Advantages and disadvantages of a 20% deposit (Podcast)


Do you need 20% down payment to buy a home?

According to mortgage consultant Ivan Simental, this is one of the most common questions asked by first-time homebuyers.

“Twenty percent is a large down payment and can at times seem unrealistic and intimidating,” Simental said on a recent episode of The Mortgage Reports Podcast. “If you’re trying to save a 20% down payment it can be a little scary sometimes. “

Fortunately, 20% down is not always necessary. These days, many home buyers can qualify with as little as 5, 3, or even 0% down.

Simental says it’s important to weigh the pros and cons of a big down payment before you put everything on the line. Here’s what to consider before you buy.

Check your eligibility for a low down payment mortgage (August 3, 2021)

Listen to Ivan on the Mortgage Reports Podcast!

Is it better to put 20% less?

The correct size of the deposit is personal. It depends on your home buying goals, personal finances, and the local real estate market where you want to buy.

While you might think it’s always better to put more money aside, it doesn’t necessarily have to be. There are both advantages and disadvantages of making a 20% deposit.

Benefits of 20% down Disadvantages of 20% drop
Less monthly mortgage payments It can take years to save 20% as house prices rise
Lower mortgage rates Drains your savings for emergencies, home repairs, etc.
Avoid mortgage insurance More risk if home values ​​fall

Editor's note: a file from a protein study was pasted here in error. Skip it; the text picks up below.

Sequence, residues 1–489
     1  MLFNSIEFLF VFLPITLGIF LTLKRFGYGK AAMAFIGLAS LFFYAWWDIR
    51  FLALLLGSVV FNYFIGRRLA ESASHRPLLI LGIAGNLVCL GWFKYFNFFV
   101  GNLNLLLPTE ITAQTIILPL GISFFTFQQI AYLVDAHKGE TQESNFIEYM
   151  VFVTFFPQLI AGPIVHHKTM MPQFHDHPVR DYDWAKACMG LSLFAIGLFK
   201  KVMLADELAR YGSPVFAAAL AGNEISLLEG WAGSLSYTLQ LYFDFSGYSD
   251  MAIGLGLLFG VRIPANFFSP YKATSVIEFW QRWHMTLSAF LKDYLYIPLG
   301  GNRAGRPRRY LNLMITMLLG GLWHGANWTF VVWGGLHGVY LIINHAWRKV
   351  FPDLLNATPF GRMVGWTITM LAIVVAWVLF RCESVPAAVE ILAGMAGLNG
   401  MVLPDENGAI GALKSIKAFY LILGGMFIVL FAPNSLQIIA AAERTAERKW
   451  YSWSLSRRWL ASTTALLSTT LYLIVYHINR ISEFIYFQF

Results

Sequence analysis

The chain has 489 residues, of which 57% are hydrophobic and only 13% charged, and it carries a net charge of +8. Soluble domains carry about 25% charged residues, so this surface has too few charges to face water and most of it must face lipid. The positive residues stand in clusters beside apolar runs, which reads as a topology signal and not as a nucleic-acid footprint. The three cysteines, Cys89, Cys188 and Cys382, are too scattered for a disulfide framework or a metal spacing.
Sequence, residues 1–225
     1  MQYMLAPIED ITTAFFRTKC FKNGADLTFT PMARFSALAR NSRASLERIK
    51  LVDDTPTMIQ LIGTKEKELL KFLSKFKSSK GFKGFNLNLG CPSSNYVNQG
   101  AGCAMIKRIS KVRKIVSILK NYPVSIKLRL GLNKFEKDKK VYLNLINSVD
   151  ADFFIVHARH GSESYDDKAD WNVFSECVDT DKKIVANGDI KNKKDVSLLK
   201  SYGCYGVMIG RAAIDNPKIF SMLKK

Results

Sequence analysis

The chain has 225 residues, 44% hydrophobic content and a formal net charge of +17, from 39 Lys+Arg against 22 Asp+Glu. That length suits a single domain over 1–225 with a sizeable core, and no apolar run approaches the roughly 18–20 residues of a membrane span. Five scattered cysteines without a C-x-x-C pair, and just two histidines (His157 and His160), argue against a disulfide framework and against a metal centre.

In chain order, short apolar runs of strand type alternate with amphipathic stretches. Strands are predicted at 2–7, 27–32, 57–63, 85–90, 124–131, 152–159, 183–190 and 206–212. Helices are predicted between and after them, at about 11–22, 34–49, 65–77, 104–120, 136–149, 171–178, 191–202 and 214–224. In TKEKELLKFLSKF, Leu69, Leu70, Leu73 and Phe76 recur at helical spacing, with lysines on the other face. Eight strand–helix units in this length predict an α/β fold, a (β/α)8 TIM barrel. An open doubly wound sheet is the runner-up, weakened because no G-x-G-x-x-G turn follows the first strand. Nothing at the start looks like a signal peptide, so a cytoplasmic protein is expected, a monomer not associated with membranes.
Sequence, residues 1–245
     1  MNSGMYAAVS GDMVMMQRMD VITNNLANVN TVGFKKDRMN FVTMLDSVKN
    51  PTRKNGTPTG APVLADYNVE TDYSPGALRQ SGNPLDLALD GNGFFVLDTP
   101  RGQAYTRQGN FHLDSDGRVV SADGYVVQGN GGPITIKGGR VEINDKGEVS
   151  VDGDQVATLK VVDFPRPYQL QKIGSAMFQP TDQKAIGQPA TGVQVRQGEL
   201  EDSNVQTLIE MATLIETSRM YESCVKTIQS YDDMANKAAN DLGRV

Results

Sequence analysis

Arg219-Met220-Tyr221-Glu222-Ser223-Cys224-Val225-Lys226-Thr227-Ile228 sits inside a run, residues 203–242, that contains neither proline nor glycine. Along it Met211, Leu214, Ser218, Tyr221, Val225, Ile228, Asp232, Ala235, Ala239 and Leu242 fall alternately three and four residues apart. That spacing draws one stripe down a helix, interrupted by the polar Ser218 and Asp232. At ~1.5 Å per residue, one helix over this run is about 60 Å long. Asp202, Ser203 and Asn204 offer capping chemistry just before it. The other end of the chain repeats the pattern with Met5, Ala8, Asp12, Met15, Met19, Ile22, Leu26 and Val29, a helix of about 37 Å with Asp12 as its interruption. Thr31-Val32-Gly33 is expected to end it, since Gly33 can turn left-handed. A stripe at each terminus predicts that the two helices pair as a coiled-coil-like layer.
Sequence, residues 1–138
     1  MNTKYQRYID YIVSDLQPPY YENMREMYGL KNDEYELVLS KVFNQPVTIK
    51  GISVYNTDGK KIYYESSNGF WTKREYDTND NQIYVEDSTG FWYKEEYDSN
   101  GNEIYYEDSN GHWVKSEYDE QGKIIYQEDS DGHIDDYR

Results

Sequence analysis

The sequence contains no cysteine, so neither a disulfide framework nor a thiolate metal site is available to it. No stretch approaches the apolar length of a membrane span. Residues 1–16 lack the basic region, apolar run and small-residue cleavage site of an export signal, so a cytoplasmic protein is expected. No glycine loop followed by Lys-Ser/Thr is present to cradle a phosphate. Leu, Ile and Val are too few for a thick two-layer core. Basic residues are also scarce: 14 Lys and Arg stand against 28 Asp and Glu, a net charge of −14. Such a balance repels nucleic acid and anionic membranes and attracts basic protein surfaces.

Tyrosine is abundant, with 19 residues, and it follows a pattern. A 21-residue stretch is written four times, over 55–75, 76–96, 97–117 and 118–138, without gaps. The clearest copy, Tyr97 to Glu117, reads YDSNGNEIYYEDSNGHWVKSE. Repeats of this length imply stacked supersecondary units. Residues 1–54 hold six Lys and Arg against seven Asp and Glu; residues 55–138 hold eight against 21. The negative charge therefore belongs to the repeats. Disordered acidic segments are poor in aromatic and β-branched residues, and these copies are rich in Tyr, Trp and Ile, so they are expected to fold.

Yes, putting 20% ​​down payment reduces the cost of buying your home. Borrowers who can make a large down payment will save a lot over the life of their mortgage.

But a smaller down payment allows many first-time buyers to access the housing ladder earlier. They can start building equity in their home and reap the benefits of homeownership without waiting years to save 20%.

Let’s take a closer look at each of these pros and cons.

Advantages of a 20% deposit

Lower monthly mortgage payments are the biggest benefit of a 20% down payment.

When you make a larger down payment, you have a smaller loan amount. This means a lower monthly payment and less mortgage interest paid over the long term.

Let’s look at an example:

  • Suppose you buy a house for $ 200,000 with a 30 year loan at an interest rate of 3%
  • If you were to put down a 20% deposit, your payment would only be $ 675 per month
  • With a 5% down payment, your monthly payment would increase to $ 800, or $ 125 more per month

Another advantage is that higher down payments generally mean lower mortgage interest rates.

The less money a homeowner borrows, the less risky their loan is to a mortgage lender. Lenders reward this lower risk with a lower rate and lower long-term borrowing costs.

Finally, a 20% down payment allows you to avoid mortgage insurance.

On conventional home loans, private mortgage insurance (PMI) costs around $ 30 to $ 70 per month, according to Freddie Mac. This can add up considerably over time.

Other low down payment mortgages, such as the FHA and USDA programs, require mortgage insurance regardless of the size of the down payment. Only VA loan borrowers are exempt from monthly mortgage insurance payments.

By putting at least 20% on a conventional loan, homebuyers can avoid this additional cost and save thousands of dollars over the life of the loan.

Check your eligibility to buy a home (August 3, 2021)

Disadvantages of a 20% deposit

The biggest downside to a large down payment is that it reduces your savings and the funds you have left for potential emergencies.